Our daughter will turn seven in a few months. It hurts sometimes to say this aloud because I literally feel the passage of time piercing my insides. This week, I felt the sting of this even more because her first grade teacher asked if I would share a memory of her toddler years.
I still remember all of the particulars of that day in the green grass. The blue sky loomed over us and felt like a part of us because of what it witnessed. Wisps of her light brown hair touched her face and she smiled every time she felt it tickle the corner of her eye. Her pants were a little too long, but her shirt hugged her tight so we could make out the six-pack of rolls that hid underneath. She didn’t quite understand the grass and only focused on it when she tried to take her first steps without any assistance. That is what I remember.
Grabbing my hand wasn’t an option she wanted to pursue. Instead, she walked on her own. Her spirit and will is something I will never forget. If she fell, she got back up. Smiling, the gaze of her eyes, said, “I did it on my own Momma.” There was a pride in her face that words couldn’t express. I knew in my heart that this was the first important lesson of mothering a child. A continuum of witnessing her grow and knowing that this was the beginning of letting her go.
Looking at this particular picture of her, I ask myself: How did we get here? How did almost seven years pass without me feeling the presence of time moving forward? Now she is not only walking, but running, riding her bike, contorting in all different directions to perform the latest cart-wheel or backbend or flip.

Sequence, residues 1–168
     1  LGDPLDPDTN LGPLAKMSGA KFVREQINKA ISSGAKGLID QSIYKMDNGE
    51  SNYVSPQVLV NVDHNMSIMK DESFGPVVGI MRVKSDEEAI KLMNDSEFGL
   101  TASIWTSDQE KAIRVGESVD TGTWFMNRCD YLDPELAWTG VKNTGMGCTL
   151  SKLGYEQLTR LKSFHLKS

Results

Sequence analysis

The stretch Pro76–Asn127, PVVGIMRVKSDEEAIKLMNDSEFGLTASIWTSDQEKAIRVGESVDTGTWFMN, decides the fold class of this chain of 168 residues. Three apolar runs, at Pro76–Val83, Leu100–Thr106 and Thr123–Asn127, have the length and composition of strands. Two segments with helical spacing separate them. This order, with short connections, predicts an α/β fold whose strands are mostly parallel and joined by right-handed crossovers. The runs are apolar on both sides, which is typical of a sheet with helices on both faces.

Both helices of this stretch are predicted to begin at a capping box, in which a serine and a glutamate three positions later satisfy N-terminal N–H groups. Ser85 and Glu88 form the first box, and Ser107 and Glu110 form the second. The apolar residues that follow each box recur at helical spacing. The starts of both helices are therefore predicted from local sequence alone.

I keep uttering the same two words: remember when.
This gave me goosebumps, Rudri. I know my older daughter is just now turning four but even then, she looks so “grown-up” compared to the toddler or infant smiling in pictures around the house. The thing is, we see them every day so we don’t notice the changes. They’re imperceptible, but when you look back to their chubby years compared to who they are now, it’s hard not to marvel – and ache – at the changes. And then you wonder, where have I been and how did I not notice? This growing up and letting go thing is probably the hardest part about parenthood for me…
I agree Justine. During her first and second year, I worked full-time and missed some of those moments. Even though I was working from home, I was too stressed and wasn’t able to appreciate her as much as I could. I am in awe of her growth and can’t believe time has really flown by as quick as it has. It’s the biggest cliche about time moving quick, but its movement rings deep within me. Thanks so much for your insight.
As mothers we will continue to utter “remember when” for the rest of our lives.
My eyes welled up with tears while reading this. Something really struck me about revisiting a seminal moment from your daughter’s life just a few years later and reflecting on how much has changed in such a small amount of time. Beautiful.
Sweet and beautiful. One day she will read this and smile. 🙂 I wonder sometimes the same… Where did time go, remember when….. My son Josh is 26 and Daniel is 11. Wonderful to see them become great and responsible people but also hard to let go. Xo
I agree, Rudri. I find this part of motherhood very hard to articulate, but I feel it intensely. My child will be turning 9 next spring, and it sounds so irrational to say it like this but I don’t know how that happened…how is it that I have essentially been a mother for basically a decade?? I am scared of how quickly time moves forward and how limited our active time as mothers really is. (ugh, sorry to sound so pessimistic!)
Rudri, although I write at The Empty Nest Mom – sometimes that empty nest is still so raw to me, I can’t write about “remember when.” Some days I’m strong. Some days I appreciate the freedom. But many days – I just plain miss them so bad, that like you wrote here, I feel their passage out of the nest “piercing my insides.” Time…….sometimes I want to stop the train.